Wednesday, January 28, 2009

State of the Union 4.2

If you were starting your own magazine and your livelihood depended on it selling well and your sanity depended on it being something you wanted to spend all your time on, what would it be? What sorts of  writers and artists and writers would you hire? What subject matter would you deal with? How would you want it to look?

I would want the magazine i started to focus on the emerging artists and writers coming out of college and design schools right now (2008-09/10...and beyond). Specifically focused on those artists coming out of the mid and southwest, because i feel that almost too much emphasis is put on the students coming out of the west and east coast, and not enough attention is paid to those kids coming out of the bread basket and bible belt states, and i think its time for a shift. I would hire writers and artists whose work i could get fired-up about, and whose ideas i could get behind with all my belief. I think those kids who get hardly any exposure, have some of the purest ideas. those ideas and beliefs who are untouched by anyone, but art teachers. And i would also hire those who had come straight out of art college and design schools, simply due to the work they have all put in to get to the point they have reached, and the goals they have had to realize for young artists as themselves. 

I would deal with the subject matter of today, tomorrow and further beyond our generational reach reach, the things we have thought about, and those things we have yet to consider. And i want it to resemble something of Juxtapoz  Magazine, with its emerging artists and recognizable figures representing something that every modern artist emulates and strives for in todays world. They feature everything from the up-and-coming, to the recognizable, yet unknown (Stanley Donwood), and i want to include everyone i can who has inspired me from the get-go: through High School, to my emergence from College.

10 magazines and their art directors:
Print - Jessica Walsh
Juxtapoz - Jeremy Orega
Rolling Stone - Joseph Hutchinson
GQ -  Warren Jackson
Maxim -  Sean Johnston
ESPN -  Jason Lancaster
Sports Illustrated - Craig Gartner
Billboard - Christine Bower-Wright
High Times - Frank Max
National Geographic - John Baxter

Stanley Donwood

Nishant Choksi

Jeremy Dower

 Mark Kaufman

Josh Keyes

-Stanley Donwood (6)
-Nishant Choksi (7)
-Jeremy Dower (8)
-Mark Kaufman (9)
- Josh Keyes (10)

State of the Union 4

A. Alejandro

Daryl Campbell

Mike Perry

Antonia Pesenti

Riki Blanco

List ten illustrators whose work you admire, or whose career you wold like to emulate. Provide images.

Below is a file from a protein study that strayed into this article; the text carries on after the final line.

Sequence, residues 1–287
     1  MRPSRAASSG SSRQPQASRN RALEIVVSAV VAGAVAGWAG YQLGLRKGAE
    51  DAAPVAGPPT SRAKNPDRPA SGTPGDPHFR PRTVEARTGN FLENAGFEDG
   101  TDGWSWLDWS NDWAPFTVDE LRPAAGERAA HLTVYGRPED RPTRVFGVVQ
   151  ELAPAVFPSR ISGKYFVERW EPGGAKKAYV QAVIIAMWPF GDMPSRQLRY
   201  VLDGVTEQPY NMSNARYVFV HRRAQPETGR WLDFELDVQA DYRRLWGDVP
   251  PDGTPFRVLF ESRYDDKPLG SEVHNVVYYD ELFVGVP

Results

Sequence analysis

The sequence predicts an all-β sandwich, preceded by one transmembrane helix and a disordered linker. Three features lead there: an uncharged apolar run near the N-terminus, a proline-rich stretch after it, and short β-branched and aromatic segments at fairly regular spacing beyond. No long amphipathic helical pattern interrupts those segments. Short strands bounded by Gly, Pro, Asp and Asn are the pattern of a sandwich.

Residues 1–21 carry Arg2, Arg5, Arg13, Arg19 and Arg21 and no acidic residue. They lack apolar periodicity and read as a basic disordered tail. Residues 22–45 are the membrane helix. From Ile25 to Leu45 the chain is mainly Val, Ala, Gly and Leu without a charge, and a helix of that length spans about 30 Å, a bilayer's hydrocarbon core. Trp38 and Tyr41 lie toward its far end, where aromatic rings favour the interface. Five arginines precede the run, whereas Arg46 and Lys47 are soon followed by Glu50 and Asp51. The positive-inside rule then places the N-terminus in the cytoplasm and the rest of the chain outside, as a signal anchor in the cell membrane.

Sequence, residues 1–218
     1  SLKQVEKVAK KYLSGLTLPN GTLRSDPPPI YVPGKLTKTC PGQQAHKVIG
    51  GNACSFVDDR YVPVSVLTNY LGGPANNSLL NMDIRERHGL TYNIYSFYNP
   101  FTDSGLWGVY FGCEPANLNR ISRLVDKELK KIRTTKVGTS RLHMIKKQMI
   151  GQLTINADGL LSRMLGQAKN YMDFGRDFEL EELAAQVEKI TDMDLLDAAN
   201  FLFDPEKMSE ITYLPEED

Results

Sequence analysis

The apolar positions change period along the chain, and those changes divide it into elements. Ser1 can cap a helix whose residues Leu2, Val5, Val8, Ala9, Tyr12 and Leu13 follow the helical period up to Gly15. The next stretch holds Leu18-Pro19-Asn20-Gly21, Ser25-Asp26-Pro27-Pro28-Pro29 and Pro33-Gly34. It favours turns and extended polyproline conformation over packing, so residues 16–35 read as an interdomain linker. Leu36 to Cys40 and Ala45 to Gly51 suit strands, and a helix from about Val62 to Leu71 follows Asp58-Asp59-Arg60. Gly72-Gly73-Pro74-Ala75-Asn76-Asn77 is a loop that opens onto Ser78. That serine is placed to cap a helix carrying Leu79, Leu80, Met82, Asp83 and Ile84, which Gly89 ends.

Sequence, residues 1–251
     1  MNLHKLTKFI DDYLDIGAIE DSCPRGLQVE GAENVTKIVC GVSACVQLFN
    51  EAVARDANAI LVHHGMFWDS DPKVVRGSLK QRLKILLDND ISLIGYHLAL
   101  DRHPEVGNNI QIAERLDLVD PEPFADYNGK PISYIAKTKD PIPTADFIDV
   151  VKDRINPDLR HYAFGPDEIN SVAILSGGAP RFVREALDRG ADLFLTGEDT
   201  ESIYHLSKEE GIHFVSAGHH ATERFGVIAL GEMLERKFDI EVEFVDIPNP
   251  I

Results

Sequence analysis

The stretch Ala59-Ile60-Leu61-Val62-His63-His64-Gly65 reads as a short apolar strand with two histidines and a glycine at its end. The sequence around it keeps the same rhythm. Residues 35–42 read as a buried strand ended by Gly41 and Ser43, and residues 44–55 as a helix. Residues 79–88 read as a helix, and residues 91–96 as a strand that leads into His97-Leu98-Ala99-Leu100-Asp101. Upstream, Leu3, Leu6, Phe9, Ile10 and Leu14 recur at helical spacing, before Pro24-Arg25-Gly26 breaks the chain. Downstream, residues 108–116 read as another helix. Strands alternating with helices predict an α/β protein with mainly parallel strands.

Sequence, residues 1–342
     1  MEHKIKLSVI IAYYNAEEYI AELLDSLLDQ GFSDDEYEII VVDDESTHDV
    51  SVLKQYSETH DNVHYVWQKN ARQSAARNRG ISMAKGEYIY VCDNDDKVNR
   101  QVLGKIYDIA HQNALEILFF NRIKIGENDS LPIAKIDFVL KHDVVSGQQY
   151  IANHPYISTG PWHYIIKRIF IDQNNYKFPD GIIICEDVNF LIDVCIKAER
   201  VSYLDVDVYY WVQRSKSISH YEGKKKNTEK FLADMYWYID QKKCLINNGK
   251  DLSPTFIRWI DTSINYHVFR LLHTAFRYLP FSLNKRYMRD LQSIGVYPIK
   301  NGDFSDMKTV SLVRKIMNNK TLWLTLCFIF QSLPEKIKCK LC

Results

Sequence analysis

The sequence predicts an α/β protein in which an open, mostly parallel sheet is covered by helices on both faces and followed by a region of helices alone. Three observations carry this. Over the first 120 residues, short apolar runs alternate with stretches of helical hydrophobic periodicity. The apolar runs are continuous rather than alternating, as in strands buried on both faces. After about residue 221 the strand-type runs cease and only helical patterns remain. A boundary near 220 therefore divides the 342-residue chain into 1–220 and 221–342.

-Riki Blanco (1)
-Antonia Pesenti (2)
-A. Alejandro(3)
-Mike Perry (4)
-Daryl Campbell (5)

Tuesday, January 27, 2009

State of the Union 3

Describe your typical creative process, from getting an assignment to finished piece.

-I sketch first initial ideas
-thumbnails come next
-larger, more refined thumbnails come after i have selected two or three i like most.
-i sketch and layout exactly what i think the composition should be, i determine what i think is or is not working within this, and all of this is done at around 8x10 (however sometimes, i scan the thumbnails and re-draw them, if i feel i'll only hurt the composition by re-drawing it without guidance.)
-once the final sketch is laid out, whatever medium i've selected dictates how i go from there: if its ink, i test line thickness, and decide what kind of lines i want and where, if its conte or charcoal, i start shading and knocking in basic forms, and so on.
-Lately, scanning has become almost a requirement for me, as i don't move the actual piece around everywhere, and i like to see how the work reproduces. So i scan, sometimes tweak colors and light balance, and print.

Describe what your creative process should be like.

Using the process i have listed above, the things that i would alter include:
-more thumbnails (as i tend to get impatient with them, and always think i have the composition down the way i want it after about 15 or 20.)
-going over the larger thumbnails i pick out, and fine-tuning them more before i even start the final thing.
-and remaining vigilant of when something is too much, and when it is not enough.

Research of a professional creator's creative process: Stanley Kubrick

-He reportedly exposed 1.3 million feet of film while shooting The Shining (1980), the release print of which runs for 142 minutes. Thus, he used less than 1% of the exposed film stock, making his shooting ratio an indulgent 102:1 when a ration of 5 or 10:1 is considered the norm.

-Known for making his actors and crew make up to 120+ takes consecutively.

-Kubrick took charge of many projects, almost completely, imposing his ideas and standards on the film. Many crew members were upset by his style: cinematographer Russell Metty complained to producers that Kubrick was taking over his job. Kubrick's reponse was to tell him to sit there and do nothing. Metty complied, and ironically was awarded the Academy Award for his cinematography.

State of the Union 2

Of the artwork you have done, what is your personal favorite piece? Why do you like it?